The task ahead for Nigeria’s new president is enormous, but the foundation for success is within reach. Systemic corruption is what led the country to the failing state that we see today. Putting an end to corruption should be Yar’Adua’s first priority, everything else will follow. Let’s just hope Yar’Adua cares for his country more than himself.

Matthew Seitz is an intern at the Center for Security Policy and an MS candidate in Missouri State’s Department of Defense and Strategic Studies.

AFRICOM proceeds apace

By Colin Crowley

Recently, the United States military announced a new addition to its cyber library: www.eucom.mil/africom, the web address of the developing military command for Africa, dubbed AFRICOM.  Among its other attributes, the website provides answers to 19 questions about the planned U.S. presence in Africa that are frequently asked by a curious public, each answer intended to assure readers that this recent move by Uncle Sam is both noble and crucial.  With this website’s launch reminding the public that AFRICOM is in the pipelines, it is appropriate to review the upcoming African Command, its importantance to our victory against terrorism, and how its initiation is progressing.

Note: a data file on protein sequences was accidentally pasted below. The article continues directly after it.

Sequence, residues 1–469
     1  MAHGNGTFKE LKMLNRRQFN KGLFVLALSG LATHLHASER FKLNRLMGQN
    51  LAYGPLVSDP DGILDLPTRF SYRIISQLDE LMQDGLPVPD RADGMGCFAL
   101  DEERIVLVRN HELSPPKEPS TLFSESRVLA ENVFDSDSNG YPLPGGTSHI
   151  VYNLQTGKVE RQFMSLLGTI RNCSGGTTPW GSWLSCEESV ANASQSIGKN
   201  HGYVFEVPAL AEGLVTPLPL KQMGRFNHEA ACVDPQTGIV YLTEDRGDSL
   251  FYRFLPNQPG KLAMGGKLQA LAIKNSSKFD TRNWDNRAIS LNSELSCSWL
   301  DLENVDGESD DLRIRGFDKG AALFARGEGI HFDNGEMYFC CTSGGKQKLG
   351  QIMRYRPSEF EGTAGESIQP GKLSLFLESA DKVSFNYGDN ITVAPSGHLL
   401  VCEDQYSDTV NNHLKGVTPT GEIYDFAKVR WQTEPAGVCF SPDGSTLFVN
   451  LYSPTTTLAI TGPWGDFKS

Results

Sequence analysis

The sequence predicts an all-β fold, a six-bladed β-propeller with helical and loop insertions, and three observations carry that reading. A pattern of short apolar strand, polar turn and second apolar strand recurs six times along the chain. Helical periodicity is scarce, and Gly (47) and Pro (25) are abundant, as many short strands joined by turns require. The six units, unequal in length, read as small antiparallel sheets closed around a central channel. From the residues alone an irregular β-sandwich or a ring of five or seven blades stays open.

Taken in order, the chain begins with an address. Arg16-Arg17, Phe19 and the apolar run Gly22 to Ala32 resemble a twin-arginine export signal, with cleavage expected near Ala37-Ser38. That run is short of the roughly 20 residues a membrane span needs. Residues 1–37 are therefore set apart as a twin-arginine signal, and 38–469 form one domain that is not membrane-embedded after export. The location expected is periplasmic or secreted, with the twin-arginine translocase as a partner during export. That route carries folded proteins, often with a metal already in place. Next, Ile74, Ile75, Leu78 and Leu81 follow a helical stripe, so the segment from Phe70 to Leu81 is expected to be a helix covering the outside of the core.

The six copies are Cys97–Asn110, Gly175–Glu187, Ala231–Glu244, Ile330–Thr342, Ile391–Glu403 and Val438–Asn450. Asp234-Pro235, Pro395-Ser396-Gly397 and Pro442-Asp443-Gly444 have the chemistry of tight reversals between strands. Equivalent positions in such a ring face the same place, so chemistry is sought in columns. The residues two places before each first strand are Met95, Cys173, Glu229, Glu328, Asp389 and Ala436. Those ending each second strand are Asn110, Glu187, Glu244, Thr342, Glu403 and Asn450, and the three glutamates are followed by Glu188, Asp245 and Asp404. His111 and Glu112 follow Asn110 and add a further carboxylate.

President Bush announced the creation of AFRICOM in February of 2007.  In its absence, military responsibilities for Africa remain split between CENTCOM, EUCOM, and PACOM. The new AFRICOM – slated to initiate in October, 2007 under EUCOM tutelage and in October, 2008 as a self-standing entity – would geographically include all of Africa, except for Egypt, and would incorporate a "combatant command plus" strategy, whereby soft-power security means would dominate over hard-power methods. Specifically, AFRICOM would consist of both civilian and military personnel working together to provide targeted military assistance to African troops, train African militaries in security/stability operations and human rights norms, and provide timely humanitarian and stability assistance during political, military, social, and ecological crises.